In This Article Expand or collapse the "in this article" section Proprietary Colonies

  • Introduction
  • General Overviews
  • Western European State Formation

Atlantic History Proprietary Colonies
L. H. Roper
  • LAST REVIEWED: 31 January 2023
  • LAST MODIFIED: 27 September 2017
  • DOI: 10.1093/obo/9780199730414-0244


The character of early modern western European states determined that many “public” activities were undertaken by “private” persons or entities through governmental charters that set out their powers, rights, and responsibilities in exchange for a cut of the revenue that their endeavors generated. This arrangement was necessitated by the fitful interest of governments in overseas colonization and trade, which was invariably overridden by their habitual fiscal woes and limited bureaucratic capacity. Thus, any investigation into the history of the expansion of European overseas interests should incorporate a discussion of these recipients. Those interested in the history of European nation-states (“state formation”) may also be interested in the history of this concept and how it was employed. The concept of “proprietary colonies” derives directly from feudal devices by which medieval monarchies dealt with the problems of distance and government by creating ligaments that connected remote localities to the governmental center via the delegation of the administration and defense of remote parts of their realms to prominent persons on the ground, such as the bishops of Durham in England or the encomenderos in Castile. The adoption of this scenario was natural, given the even greater distances entailed in overseas colonization and trade even as centralization of state power in early modern western Europe tended to increase. Sometimes, the recipients of chartered rights and responsibilities would delegate those rights and responsibilities, in turn, to others, usually resident in the particular colony concerned. The term “proprietary colonies” as used in this article includes “proprietorships,” colonies founded by individuals or partners, which constituted one form of this vehicle, as well as the operations of the colonial agents who oversaw substantial tracts of territory, and by joint-stock corporations. This article contains references to work on proprietary colonies in general and to histories of particular colonies. Although these latter titles tend to omit discussion of proprietorships as such, they do offer treatments of the formation of these colonies, the intent and plans of proprietors, and their relationships with their colonists. The enduring popularity of these devices is apparent from their appearance in the history of an array of colonies set forth under Particular Proprietary Colonies.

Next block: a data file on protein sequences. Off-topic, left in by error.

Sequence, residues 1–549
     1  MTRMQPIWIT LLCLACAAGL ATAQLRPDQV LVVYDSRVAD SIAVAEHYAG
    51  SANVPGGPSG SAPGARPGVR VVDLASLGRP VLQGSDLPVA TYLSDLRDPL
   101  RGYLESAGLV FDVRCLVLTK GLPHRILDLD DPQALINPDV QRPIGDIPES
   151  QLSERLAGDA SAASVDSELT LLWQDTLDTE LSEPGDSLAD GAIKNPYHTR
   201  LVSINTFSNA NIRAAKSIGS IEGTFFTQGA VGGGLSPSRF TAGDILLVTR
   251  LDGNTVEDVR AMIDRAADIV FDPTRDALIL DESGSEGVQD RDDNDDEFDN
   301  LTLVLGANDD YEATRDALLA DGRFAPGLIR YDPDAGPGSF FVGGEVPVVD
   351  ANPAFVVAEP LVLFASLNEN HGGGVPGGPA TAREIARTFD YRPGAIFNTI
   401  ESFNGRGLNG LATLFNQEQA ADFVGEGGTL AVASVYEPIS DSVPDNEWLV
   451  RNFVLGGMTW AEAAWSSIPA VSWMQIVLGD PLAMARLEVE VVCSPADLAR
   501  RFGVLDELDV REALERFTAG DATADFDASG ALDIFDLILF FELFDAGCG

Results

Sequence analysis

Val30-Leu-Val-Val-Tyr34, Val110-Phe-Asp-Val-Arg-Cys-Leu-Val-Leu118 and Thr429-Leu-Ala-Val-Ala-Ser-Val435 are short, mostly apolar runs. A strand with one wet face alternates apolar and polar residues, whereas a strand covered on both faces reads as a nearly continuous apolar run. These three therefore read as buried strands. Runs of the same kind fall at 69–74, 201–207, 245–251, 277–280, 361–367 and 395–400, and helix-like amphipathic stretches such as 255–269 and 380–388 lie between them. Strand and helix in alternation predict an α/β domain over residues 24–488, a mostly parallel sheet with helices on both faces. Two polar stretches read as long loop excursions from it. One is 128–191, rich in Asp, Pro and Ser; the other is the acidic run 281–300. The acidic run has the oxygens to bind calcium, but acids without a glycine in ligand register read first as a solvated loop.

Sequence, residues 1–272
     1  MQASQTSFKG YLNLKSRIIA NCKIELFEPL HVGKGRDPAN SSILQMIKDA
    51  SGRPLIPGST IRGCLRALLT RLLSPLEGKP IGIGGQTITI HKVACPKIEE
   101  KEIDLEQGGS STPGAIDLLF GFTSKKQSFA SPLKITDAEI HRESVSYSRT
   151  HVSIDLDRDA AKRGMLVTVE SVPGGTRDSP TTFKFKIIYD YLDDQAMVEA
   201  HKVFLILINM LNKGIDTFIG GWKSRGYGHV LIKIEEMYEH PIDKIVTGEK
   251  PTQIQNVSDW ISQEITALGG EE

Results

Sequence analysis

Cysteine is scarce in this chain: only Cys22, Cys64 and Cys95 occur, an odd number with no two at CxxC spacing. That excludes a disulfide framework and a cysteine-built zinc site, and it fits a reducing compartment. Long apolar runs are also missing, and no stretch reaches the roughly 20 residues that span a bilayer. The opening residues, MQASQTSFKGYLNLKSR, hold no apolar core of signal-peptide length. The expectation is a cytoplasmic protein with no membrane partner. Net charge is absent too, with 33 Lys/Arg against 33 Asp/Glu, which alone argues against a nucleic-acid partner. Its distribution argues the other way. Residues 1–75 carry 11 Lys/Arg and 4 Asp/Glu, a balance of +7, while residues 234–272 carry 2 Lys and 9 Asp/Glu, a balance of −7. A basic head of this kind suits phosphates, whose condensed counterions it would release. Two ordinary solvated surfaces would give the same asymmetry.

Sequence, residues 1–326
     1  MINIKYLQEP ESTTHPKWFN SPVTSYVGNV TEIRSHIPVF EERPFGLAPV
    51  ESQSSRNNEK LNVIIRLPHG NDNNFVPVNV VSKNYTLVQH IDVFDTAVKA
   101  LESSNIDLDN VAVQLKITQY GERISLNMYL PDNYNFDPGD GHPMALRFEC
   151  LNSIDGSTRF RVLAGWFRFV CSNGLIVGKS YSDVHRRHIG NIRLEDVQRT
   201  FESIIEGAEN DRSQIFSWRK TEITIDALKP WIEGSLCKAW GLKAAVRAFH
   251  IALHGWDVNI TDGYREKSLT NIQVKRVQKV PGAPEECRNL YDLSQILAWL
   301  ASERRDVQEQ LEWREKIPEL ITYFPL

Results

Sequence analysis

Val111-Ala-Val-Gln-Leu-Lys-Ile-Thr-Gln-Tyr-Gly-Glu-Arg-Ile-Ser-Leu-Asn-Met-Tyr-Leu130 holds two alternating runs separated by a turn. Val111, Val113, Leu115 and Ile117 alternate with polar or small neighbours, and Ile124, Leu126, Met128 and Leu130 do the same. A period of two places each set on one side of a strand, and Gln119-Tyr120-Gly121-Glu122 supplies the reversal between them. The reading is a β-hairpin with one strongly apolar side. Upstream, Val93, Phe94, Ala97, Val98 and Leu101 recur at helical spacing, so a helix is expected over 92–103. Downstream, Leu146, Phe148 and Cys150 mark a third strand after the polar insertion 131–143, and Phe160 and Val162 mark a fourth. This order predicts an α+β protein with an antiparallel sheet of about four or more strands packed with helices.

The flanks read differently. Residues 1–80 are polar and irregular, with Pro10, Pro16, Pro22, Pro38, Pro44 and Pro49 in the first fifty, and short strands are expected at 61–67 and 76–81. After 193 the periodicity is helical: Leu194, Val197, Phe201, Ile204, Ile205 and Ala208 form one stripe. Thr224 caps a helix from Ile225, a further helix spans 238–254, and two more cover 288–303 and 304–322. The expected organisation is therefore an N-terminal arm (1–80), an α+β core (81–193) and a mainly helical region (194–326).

General Overviews

Notwithstanding its centrality to the early modern expansion of western European interests, the concept of proprietary colonies has received little direct consideration from English-language scholarship in either general or particular terms other than in dismissive or otherwise scornful terms, although Osgood 1897 is something of a deviation from this rule. Thus, examinations of governmental relations between a metropolis and its colonies, such as Daniels and Kennedy 2002, concentrate on “negotiations” between colonial leaderships and imperial administrators. On the surface, such a view might be warranted because proprietorships usually proved unable to manage the political situations that often convulsed their colonies. Consequently, the government of these places accordingly reverted, sometimes quickly, to the control, albeit often reluctantly, of the central governments. In actuality, however, the traditional view fails to consider the enduring employment of proprietary forms, which stemmed from the endurance of the governmental limitations noted above, and its tone often, if not invariably, treats proprietorships as anachronistic and feeble. Roper and van Ruymbeke 2007 constitutes an exception to this rule.

  • Daniels, Christine, and Michael V. Kennedy, eds. Negotiated Empires: Centers and Peripheries in the Americas, 1500–1820. New York and London: Routledge, 2002.

    Using a lens of center and periphery, this comparative treatment of early modern imperial development places proprietorships in an uncomfortable position between “negotiations” in terms of culture and politics between colonists and their empires.

  • Osgood, Herbert L. “The Proprietary Province as a Form of Colonial Government.” American Historical Review 2.4 (1897): 644–664.

    DOI: 10.2307/1833981

    Continued in American Historical Review 3.1 (1897): 31–55, 3.2 (1898): 244–265. Discusses the utilization of proprietary colonies in the English Empire but from an old-fashioned perspective. Limited to individual or partnership proprietorships and to the English case.

  • Roper, L. H., and B. Van Ruymbeke, eds. Constructing Early Modern Empires: Proprietary Ventures in the Atlantic World, 1500–1750. Leiden, The Netherlands: Brill, 2007.

    Offers an introduction to the subject of proprietorships, broadly defined. This comparative treatment of proprietary colonies from Brazil to New France considers the subject within the context of the history of early modern western European states and of colonization. Essays consider individual proprietary colonies and provide bibliographies of their own.

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